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The Best Diet for CIDP

by
author image Ireland Wolfe
Ireland Wolfe has been writing professionally since 2009, contributing to Toonari Post, Africana Online and Winzer Insurance. She obtained her Bachelor of Arts in psychology and Master of Arts in mental health counseling. She is also a licensed mental health counselor, registered nutritionist and yoga teacher.

Chronic inflammatory polyneuropathy, or CIDP, is an autoimmune disorder that involves nerve swelling and irritation. The cause of CIDP is usually not known, and it may occur with other chronic conditions, such as hepatitis, diabetes, HIV and lupus. Treatment often involves medication to treat the symptoms. Although there is no specific diet for CIDP, certain foods can aggravate inflammation and make CIDP worse.

Identification

CIDP often leads to peripheral neuropathy, damaging nerves outside the brain or spinal cord. Chronic inflammatory polyneuropathy involves several nerves and usually affects both sides of the body equally. Symptoms include difficulty walking or using the limbs due to weakness, numbness, pain, burning, tingling and facial weakness. According to Pub Med Health, other symptoms of this disease may involve bladder or bowel problems, difficulty breathing, fatigue, uncoordinated movements and muscle atrophy. Outcome of the disease varies. Some people have permanent nerve loss, while others may experience periods of remission.

Treatment

The aim of treatment is to control your symptoms. Your doctor will prescribe medications such as corticosteroids to reduce inflammation, and may prescribe other medications to suppress the immune system in more severe cases. Using plasma exchange, antibodies can be removed from your blood or antibodies can be added to reduce the negative effect of the problem causing antibodies. There is no specific diet for CIDP. However, certain foods can increase inflammation, which may increase the symptoms of CIDP.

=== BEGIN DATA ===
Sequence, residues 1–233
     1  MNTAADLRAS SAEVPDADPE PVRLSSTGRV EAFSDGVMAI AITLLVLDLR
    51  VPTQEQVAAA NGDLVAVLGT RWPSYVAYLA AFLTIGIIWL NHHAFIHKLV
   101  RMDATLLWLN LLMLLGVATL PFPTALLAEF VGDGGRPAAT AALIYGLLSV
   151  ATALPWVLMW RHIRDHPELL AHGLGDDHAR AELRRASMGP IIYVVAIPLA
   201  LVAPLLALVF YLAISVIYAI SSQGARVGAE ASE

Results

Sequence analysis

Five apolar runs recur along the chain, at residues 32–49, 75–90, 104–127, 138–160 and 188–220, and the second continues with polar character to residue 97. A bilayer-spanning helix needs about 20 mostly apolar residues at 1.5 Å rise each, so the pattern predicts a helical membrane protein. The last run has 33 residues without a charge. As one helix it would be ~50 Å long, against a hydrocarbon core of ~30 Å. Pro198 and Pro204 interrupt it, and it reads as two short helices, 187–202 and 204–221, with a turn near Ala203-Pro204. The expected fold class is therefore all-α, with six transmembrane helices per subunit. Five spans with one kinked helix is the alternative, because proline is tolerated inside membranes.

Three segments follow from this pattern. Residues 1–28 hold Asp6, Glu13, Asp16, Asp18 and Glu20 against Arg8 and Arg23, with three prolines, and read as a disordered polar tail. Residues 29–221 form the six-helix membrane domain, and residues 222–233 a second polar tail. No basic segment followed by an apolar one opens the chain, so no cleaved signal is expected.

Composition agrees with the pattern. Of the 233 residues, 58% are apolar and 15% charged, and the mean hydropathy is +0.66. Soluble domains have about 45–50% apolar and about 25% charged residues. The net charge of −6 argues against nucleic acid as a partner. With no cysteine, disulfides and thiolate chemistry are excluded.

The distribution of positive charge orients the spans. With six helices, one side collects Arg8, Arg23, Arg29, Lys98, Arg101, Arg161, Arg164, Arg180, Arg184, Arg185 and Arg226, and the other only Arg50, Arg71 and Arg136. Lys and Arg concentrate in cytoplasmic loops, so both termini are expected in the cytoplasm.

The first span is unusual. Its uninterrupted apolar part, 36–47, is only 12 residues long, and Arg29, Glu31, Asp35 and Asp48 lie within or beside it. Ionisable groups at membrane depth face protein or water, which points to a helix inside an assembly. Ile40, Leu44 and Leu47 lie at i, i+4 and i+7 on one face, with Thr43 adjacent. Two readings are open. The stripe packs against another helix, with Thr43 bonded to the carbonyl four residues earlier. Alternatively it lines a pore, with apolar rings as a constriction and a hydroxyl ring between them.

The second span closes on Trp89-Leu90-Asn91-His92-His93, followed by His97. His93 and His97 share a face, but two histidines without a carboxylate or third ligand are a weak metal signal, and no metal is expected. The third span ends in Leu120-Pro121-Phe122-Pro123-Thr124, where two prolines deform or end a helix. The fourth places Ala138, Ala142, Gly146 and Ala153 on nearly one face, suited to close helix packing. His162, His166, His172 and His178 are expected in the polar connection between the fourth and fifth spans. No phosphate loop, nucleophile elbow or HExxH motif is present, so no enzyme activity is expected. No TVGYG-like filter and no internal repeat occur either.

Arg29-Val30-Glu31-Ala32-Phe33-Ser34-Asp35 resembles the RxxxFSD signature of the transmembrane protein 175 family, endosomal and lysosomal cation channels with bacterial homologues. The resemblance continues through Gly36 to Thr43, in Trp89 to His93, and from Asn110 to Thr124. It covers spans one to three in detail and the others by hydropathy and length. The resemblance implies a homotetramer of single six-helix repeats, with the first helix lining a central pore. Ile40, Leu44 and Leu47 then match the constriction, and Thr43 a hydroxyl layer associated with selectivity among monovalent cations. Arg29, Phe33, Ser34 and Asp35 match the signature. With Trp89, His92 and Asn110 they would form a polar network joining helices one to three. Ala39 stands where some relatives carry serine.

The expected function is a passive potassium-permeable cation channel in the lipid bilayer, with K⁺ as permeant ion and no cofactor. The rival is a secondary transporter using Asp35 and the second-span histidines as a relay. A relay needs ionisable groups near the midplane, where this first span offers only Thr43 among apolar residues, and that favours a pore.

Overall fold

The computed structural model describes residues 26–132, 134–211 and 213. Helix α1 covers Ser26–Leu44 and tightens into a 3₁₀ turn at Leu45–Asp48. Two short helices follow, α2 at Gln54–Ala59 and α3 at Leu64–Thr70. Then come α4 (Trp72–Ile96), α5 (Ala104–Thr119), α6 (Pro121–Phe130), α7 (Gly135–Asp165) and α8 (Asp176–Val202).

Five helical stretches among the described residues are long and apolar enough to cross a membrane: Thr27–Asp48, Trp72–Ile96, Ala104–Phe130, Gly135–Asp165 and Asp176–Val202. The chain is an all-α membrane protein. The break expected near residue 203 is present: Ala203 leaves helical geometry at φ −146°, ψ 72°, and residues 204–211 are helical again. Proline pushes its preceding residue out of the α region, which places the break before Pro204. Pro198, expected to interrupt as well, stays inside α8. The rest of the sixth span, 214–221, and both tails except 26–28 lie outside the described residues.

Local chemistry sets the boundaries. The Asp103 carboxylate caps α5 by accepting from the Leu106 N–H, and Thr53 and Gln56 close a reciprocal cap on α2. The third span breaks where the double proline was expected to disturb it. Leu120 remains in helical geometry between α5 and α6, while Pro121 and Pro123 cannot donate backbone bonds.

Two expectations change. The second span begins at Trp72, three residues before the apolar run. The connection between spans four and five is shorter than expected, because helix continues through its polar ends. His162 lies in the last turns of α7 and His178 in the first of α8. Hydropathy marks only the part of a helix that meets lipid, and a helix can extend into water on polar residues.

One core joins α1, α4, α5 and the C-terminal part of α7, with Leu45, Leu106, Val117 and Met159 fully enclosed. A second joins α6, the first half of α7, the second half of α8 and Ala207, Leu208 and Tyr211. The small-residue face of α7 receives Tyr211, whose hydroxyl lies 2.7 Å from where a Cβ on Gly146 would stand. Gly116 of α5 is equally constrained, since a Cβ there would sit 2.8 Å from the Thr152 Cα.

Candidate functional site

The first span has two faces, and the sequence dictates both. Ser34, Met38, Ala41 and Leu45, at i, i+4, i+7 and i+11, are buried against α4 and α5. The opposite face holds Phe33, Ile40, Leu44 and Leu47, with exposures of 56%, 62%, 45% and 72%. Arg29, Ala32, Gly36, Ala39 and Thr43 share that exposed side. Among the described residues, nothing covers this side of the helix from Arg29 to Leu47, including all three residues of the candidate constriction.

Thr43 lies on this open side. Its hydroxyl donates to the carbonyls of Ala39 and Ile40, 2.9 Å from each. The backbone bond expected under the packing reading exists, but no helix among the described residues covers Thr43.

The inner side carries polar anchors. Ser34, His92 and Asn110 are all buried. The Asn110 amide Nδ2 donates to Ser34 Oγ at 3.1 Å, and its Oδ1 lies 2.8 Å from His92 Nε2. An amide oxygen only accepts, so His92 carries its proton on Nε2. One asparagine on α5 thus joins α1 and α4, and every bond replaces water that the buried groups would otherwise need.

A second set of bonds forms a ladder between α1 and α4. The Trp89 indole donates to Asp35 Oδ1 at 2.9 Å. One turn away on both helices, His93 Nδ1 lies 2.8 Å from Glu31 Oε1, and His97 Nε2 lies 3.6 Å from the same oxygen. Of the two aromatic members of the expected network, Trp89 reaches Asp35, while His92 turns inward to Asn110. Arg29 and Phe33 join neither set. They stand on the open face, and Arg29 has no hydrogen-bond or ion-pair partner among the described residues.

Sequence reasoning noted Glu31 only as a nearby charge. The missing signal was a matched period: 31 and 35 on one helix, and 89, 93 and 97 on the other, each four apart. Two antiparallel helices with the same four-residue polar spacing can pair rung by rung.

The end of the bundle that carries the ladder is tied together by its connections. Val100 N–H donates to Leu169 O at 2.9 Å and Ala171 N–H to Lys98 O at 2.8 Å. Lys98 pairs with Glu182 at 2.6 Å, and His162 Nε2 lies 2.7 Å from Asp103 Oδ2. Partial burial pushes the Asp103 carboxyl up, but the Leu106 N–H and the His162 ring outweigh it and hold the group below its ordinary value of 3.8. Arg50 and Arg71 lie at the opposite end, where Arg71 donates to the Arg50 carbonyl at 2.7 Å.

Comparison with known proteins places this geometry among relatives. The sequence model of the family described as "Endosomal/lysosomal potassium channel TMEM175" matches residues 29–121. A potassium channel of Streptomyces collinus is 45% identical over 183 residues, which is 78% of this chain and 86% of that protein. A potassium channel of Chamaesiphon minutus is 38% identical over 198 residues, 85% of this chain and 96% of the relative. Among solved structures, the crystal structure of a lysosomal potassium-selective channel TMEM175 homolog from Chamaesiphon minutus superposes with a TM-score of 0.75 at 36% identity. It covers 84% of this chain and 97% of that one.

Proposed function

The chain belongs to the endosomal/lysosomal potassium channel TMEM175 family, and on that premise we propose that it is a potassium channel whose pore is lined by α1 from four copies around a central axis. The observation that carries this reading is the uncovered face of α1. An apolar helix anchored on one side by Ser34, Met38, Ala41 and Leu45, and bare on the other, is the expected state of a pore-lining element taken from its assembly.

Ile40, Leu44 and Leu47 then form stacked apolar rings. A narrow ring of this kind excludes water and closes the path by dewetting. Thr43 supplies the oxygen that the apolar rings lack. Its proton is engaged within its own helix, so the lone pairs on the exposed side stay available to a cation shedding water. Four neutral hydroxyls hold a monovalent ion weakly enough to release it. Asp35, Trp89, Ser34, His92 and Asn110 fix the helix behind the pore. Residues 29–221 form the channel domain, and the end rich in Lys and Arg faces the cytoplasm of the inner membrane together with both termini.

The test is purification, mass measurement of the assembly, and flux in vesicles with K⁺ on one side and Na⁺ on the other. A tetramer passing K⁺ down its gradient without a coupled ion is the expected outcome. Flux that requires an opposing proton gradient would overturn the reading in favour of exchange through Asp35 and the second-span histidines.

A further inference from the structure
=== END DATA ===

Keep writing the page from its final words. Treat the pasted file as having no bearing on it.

Foods to Avoid

Saturated fat and trans fats may increase pro-inflammatory markers, especially in people who are overweight or who have diabetes. Foods that are high in these types of unhealthy fat include red meat, butter, cheese and ice cream. In addition, most processed foods, including fast foods, frozen foods and soups, are made with synthetic trans fat. Sugar and refined carbohydrates may also increase inflammation responses in some people. In general, eating a high-calorie diet can contribute to chronic inflammation.

Foods to Include

Include a variety of fruits and vegetables in your diet for their natural anti-inflammatory properties. These types of food are a good source of antioxidants, which can limit the free radical damage in your body. Fruits and vegetables are high in various vitamins and minerals, such as vitamin D, which has known anti-inflammatory properties. Include essential fats in your diet that are high in omega-3 fatty acids. Certain fatty fish, such as tuna and salmon, are good sources of omega-3 fatty acids. You can also take a fish oil supplement.

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